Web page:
Sunday's Sermon: The Gospel According to Ollivander (read or listen here)


There are lots of good stories - news stories, historical stories, made-up stories - about heroes, but the best stories are the ones that also make room for the sidekicks, oddballs, and the sorts of people that leave us saying “I want to know more about them.” If you’ve been watching the last month’s worth of bowl games, you may have found yourself confronted with two teams you didn’t even remember existed and yet by the second half of the game you were rooting for one over the other because the TV producers did their job well and found some unknown player whose backstory hit you right in the feels, or whose quirky style of play didn’t seem like it should work. 

Great storytellers know that it’s the characters who make the story, and some of the best characters don’t even have to stick around for very long. When JK Rowling wrote the first book in her world-dominating Harry Potter series, she created a character in its fifth chapter who was able, in fewer than 30 words, to set himself apart and add a new depth to the entire story. The hero of the story, of course, is Harry Potter, and up to this point in the novel, all that Harry knows about the magical world he has just discovered is that he is already famous in it for reasons he doesn’t understand. Strangers bow to him and give him gifts. He will soon discover that he is so celebrated because of how his family defeated a villain whom everyone fears and no one will name. But when young Harry wanders into the shop of the wandmaker Ollivander, he finds someone who treats him rather differently. Ollivander goes to great lengths to find Harry a suitable wand, and when the one he finds turns out to be very similar to the wand of the great villain Voldemort, Ollivander is not frightened by this. “Curious, most curious. I think we can’ expect great things from you, Mr. Potter - for he-who-must not be named did great things. Terrible, yes, but great.”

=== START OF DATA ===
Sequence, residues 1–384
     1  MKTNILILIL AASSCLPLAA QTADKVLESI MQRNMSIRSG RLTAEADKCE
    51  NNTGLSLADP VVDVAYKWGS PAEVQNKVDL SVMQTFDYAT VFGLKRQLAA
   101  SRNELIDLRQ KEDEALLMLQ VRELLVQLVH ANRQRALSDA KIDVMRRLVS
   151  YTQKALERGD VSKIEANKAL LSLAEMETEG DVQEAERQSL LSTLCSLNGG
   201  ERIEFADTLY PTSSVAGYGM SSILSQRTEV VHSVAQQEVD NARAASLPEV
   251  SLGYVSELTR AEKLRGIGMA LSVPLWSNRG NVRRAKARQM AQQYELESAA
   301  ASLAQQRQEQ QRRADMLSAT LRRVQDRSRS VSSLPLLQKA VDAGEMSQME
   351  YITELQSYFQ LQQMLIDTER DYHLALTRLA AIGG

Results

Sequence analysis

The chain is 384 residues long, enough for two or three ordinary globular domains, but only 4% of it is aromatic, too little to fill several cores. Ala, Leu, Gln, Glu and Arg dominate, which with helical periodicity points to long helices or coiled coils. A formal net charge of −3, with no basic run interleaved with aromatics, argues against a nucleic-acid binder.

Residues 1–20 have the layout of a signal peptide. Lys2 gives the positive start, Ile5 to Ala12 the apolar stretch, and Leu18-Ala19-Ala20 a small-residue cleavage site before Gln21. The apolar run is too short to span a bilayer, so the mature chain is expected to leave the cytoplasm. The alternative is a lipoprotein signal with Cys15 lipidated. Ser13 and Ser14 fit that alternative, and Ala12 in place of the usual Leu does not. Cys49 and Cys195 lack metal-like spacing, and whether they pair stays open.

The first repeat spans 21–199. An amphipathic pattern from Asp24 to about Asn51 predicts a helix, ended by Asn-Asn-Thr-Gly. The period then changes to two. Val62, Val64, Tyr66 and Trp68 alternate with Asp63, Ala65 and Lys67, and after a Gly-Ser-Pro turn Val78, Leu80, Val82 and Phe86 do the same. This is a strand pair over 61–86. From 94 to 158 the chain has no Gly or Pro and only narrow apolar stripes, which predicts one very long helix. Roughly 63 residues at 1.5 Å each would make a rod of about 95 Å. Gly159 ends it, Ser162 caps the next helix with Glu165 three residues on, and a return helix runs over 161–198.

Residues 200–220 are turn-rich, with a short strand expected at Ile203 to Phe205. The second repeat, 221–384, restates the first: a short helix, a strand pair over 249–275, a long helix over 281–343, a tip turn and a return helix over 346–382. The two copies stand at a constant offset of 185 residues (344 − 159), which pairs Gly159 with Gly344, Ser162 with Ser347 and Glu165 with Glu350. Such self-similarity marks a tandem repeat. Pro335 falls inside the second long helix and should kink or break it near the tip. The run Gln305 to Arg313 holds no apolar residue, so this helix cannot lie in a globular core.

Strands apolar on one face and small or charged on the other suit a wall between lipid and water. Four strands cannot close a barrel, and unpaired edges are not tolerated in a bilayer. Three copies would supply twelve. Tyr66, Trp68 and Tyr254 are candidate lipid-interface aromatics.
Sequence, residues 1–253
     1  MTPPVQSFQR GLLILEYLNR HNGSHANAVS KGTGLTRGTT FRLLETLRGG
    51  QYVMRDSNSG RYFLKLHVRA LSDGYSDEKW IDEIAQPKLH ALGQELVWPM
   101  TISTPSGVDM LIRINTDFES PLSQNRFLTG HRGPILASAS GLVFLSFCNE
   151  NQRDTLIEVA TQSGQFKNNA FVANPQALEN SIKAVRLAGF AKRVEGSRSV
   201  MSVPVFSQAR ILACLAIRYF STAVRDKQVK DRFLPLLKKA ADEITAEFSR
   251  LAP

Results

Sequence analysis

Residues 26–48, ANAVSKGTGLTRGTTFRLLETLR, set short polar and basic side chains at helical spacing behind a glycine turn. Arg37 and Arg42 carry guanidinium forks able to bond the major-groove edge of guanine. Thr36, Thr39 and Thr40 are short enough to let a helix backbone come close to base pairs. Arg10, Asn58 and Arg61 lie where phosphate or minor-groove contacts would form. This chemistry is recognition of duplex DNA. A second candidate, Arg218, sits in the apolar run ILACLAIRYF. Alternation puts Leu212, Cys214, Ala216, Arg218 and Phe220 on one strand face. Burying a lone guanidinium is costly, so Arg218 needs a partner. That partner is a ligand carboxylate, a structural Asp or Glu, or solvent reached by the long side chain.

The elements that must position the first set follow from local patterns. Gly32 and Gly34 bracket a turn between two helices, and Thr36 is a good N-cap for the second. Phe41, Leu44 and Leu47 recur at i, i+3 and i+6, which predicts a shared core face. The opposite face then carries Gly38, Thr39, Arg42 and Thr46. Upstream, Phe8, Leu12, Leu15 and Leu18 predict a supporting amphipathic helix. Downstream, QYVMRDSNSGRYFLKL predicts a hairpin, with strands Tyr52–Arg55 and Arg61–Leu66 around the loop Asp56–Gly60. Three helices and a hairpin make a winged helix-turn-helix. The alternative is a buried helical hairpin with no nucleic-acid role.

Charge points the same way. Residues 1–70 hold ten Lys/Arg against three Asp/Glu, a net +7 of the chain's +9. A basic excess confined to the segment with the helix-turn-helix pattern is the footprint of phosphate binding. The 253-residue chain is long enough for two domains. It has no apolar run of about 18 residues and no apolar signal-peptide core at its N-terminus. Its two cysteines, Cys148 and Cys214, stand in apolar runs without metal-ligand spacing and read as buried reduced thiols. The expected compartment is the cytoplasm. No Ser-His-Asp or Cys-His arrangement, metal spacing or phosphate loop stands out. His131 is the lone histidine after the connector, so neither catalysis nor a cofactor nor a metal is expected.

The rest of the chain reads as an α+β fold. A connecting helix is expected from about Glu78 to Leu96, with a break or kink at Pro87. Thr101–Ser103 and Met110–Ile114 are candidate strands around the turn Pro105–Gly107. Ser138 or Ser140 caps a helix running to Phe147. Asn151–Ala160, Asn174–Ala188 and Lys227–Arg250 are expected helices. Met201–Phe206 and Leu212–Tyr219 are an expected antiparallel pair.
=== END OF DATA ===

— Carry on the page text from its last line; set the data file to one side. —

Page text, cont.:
Ollivander is not only an interesting character, he is interested. He is interested and intrigued by power, the part of us who admires those who seem able to make their own will into reality. He speaks for that part of us that will forgive almost any transgression except being boring. Curious. Most curious… That may as well have been the serpent’s first line in the garden.